- The definition of amount means how much you have, or the entire mass of something.
A person who has one million dollars is an example of someone who has a large amount of money.
- Amount is the combination of two or more numbers.
The cost of groceries that you are buying plus the tax is an example of the amount you have to pay.
- Amount is defined as to add up to a total.
The bill for four people at a restaurant that is 50 dollars is an example of the costs of four meals that amount to 50 dollars.
- Amount means to change into something better as you age.
Telling a child that a college education will bring success is an example of telling a child that he will amount to a successful person.
- to add up (to); equal in total: the bill amounts to $4.50
- to be equal (to) in meaning, value, or effect: her failure to reply amounts to a refusal
Origin of amountMiddle English amounten, to ascend from Old French amonter from amont, upward from a- (L ad), to + mont from Classical Latin montem, accusative singular of mons, mountain
- the sum of two or more quantities; total
- the whole meaning, value, or effect
- a quantity: a fair amount of resistance
- The total of two or more quantities; the aggregate.
- A number; a sum.
- A principal plus its interest, as in a loan.
- The full effect or meaning; import.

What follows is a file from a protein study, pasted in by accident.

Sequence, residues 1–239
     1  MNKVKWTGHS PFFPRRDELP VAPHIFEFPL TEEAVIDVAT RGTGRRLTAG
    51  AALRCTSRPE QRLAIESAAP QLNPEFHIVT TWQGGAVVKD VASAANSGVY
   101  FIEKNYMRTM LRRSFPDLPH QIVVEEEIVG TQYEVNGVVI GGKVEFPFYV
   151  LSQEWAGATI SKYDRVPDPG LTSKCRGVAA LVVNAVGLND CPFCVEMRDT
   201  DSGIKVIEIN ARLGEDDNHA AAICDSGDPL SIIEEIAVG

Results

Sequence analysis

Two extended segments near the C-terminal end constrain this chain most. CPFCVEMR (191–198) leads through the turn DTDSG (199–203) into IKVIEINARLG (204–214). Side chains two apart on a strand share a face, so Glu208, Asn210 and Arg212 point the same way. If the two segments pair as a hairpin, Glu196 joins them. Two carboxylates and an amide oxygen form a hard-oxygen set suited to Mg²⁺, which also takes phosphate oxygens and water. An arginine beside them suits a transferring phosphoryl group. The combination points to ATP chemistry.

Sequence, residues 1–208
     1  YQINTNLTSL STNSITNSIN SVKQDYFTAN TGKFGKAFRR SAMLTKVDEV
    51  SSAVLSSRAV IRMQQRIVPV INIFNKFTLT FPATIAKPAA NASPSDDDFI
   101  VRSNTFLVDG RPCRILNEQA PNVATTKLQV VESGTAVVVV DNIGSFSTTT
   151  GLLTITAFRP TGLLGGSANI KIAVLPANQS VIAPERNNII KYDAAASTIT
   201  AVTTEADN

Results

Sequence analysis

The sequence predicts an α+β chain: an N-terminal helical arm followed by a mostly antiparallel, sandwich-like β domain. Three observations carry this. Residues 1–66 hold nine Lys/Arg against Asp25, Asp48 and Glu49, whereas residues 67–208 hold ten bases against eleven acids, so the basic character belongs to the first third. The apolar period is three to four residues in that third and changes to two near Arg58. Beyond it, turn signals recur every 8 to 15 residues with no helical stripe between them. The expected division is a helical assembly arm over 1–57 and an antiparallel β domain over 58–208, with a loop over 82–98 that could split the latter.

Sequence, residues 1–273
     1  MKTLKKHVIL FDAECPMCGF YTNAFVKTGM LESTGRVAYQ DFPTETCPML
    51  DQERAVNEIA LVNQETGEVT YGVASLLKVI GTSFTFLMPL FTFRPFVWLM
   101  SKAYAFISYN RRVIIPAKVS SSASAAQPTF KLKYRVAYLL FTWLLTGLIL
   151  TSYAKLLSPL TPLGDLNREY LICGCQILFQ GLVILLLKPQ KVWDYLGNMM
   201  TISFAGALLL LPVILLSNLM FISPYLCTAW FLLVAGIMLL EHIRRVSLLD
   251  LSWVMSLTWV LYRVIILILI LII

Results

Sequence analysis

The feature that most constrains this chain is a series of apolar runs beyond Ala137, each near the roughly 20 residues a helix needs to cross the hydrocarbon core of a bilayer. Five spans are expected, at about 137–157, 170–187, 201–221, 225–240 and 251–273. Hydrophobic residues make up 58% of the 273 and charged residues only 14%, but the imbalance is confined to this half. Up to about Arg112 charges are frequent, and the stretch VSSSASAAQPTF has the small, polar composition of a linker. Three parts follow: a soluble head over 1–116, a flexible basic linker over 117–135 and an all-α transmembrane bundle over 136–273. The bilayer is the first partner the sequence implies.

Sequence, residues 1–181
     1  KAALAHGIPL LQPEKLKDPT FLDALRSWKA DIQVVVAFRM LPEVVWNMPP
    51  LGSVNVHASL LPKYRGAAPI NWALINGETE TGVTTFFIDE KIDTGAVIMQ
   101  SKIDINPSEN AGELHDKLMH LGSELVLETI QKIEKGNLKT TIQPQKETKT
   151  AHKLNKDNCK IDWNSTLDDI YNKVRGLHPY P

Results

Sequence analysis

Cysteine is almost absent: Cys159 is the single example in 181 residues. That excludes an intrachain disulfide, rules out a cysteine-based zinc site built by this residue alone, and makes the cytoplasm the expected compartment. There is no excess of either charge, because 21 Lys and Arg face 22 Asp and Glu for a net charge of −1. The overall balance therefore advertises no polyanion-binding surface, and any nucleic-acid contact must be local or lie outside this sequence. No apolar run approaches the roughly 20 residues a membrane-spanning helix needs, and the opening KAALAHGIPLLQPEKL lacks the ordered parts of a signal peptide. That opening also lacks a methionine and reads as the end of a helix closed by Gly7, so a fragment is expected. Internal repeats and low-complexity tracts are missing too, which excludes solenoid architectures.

- Quantity: a great amount of intelligence.
intransitive verba·mount·ed, a·mount·ing, a·mounts
- To add up in number or quantity: The purchases amounted to 50 dollars.
- To add up in import or effect: That plan will never amount to anything.
- To be equivalent or tantamount: accusations that amount to an indictment.
Origin of amountFrom Middle English amounten to ascend from Old French amonter from amont upward from Latin ad montem to the hill ad to ; see ad- in Indo-European roots. mōns mont- hill ; see men-2 in Indo-European roots.
- The total, aggregate or sum of material (not applicable to discrete numbers or units or items in standard English).
- The amount of atmospheric pollution threatens a health crisis.
- A quantity or volume.
- Pour a small amount of water into the dish.
- The dogs need different amounts of food.
- (nonstandard, sometimes proscribed) The number (the sum) of elements in a set.
(third-person singular simple present amounts, present participle amounting, simple past and past participle amounted)
From Middle English amounten (“to mount up to, come up to, signify”), from Old French amonter (“to amount to”), from amont, amunt (“uphill, upward”), from the prepositional phrase a mont (“toward or to a mountain or heap”), from Latin ad montem, from ad (“to”) + montem, accusative of mons (“mountain”).